"I'm sure that my time in this hell pales in comparison to that of my neighbor," wrote inmate Chris S., about Bobby A., someone so mentally
    unstable he plays in and eats his own feces.

    Chris feels Bobby was placed in the Special Management Unit (SMU) or suicide unit at the jail "so he could be ignored."

    Saying that "no employee at this prison is prepared or trained to deal with such a case," Chris said of Bobby, who he describes as violent and

    "But it's not intentional. Bobby is incapable of comprehending what is going on," Chris explained. He should know. They spent about two weeks
    together, in the basement seclusion unit, in the extreme winter cold with windows open, lying on metal cots, naked, wet, living in feces and urine
    with lights broken in the basement of the county prison.   

    "Bed mats provided to him always end up torn open, covered in waste and stuffed into his non functioning sink and toilet," Chris said of Bobby.

    "From there, these items get tossed around the range," Chris said, adding that Bobby's tossed soiled mats landed and stayed for 10 hours into
    Chris' area before the mess was cleaned. With no mat, Bobby, a very large man, with sores over his body and very swollen legs, sleeps on a
    metal cot or small bench.

    "(Bobby) can't walk without doubling over in pain and getting threatened with petter spray for doing so. On top of all this, he is verbally abused by
    inmates and guards alike. Antagonizing him to his breaking point until he is screaming obscenities, banging around his cells, and eventually in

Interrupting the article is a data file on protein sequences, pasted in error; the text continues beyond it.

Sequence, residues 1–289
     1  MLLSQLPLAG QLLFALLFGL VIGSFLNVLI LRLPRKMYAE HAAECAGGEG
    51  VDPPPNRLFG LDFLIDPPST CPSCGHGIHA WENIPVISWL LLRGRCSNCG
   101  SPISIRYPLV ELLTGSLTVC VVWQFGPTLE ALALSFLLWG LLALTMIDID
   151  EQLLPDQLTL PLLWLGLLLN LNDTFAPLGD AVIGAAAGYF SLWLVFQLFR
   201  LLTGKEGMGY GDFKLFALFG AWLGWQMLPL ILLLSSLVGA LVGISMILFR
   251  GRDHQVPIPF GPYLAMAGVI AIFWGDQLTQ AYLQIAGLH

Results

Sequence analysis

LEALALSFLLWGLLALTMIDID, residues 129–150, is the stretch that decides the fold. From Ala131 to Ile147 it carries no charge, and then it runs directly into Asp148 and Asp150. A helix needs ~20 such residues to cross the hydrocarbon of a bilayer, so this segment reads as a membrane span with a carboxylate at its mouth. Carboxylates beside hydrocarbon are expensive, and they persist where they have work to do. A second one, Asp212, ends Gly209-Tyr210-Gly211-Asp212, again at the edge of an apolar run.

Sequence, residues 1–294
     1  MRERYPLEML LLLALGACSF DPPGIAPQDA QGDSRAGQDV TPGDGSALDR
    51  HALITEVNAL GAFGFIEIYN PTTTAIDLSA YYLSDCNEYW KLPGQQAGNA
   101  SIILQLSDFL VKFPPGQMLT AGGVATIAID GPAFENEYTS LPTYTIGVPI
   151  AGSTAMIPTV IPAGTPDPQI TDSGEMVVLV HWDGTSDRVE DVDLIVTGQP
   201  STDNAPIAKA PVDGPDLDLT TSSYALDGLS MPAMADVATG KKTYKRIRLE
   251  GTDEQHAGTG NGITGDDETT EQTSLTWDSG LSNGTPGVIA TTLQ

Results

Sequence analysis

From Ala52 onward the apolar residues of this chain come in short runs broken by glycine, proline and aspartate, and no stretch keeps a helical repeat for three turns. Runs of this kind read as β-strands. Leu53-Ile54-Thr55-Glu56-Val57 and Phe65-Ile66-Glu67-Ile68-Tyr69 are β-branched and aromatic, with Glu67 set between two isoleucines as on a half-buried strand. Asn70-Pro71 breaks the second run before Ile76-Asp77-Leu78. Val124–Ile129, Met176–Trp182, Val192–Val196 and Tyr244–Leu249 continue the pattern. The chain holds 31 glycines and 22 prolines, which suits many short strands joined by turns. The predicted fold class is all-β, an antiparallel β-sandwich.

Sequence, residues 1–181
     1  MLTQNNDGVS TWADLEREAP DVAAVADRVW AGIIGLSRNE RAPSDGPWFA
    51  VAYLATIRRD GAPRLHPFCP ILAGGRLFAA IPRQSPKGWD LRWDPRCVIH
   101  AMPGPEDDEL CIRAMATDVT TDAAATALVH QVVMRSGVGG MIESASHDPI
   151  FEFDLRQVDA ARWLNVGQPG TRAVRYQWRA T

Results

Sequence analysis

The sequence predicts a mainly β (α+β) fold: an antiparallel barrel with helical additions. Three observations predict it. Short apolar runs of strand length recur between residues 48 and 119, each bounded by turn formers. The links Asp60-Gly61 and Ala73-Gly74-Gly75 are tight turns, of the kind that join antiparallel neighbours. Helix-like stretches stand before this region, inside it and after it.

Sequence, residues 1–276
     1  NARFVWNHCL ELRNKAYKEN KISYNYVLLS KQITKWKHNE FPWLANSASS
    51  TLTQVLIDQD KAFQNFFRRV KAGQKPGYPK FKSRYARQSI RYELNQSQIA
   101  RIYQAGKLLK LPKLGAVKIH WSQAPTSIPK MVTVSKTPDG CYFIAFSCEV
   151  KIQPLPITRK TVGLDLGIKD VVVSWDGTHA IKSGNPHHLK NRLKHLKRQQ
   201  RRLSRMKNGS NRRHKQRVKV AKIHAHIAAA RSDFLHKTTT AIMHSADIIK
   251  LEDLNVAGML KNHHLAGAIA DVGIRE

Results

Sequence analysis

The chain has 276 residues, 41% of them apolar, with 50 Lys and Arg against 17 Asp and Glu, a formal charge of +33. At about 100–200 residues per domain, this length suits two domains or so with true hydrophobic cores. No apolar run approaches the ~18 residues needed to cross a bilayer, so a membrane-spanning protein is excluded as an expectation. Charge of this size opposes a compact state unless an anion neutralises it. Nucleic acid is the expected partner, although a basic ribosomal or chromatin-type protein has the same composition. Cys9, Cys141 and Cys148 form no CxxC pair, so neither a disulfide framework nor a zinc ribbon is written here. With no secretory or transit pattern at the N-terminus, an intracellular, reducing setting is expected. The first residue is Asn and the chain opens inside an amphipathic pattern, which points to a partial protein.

tears talking to himself," Chris said.

    Chris, who denies suicidal ideation, said he himself was placed in the basement isolation unit because the jail staff thought he was suicidal.

    "The SMU has been over-utilized by prison staff for the smallest infraction," Chris said of the basement horror unit. To put suicidal or handicapped
    individuals in this unit is irresponsible and dangerous. Torture is not an inaccurate description of life down there." he said. (14 Mar 18)

    17-minute student walk-out teaches more than yesterday's history class

    RAVES to the school districts nationwide to allow its secondary school students to chose whether to take part in a 17-minute walk-out or protest of
    school violence, in memory of 17 lives lost in Florida one month ago. The walk out is also to demand stricter gun laws and school security.

    Besides the intended purpose of what is supposed to be a 10 AM movement across the country of students, RAVES that the 17 minutes of
    supervised movement, from school to outdoors, of what likely will be most students, teaches them how to protest an issue peacefully.

    RAVES to the younger generation who still want to go to school in spite of the school shootings and threats of violence. Hopefully, these types of
    activities help students cope a bit better with school violence reality. (14 Mar 18)


    Fay County jail door kept ajar?

    Neither a RANT nor a RAVE, but a mind boggling note with a photo of a Fayette County Prison door kept ajar yesterday that deserves to be

    As per the photographer, the door -- believed to be a staff entrance -- was kept ajar at least for several hours yesterday late afternoon and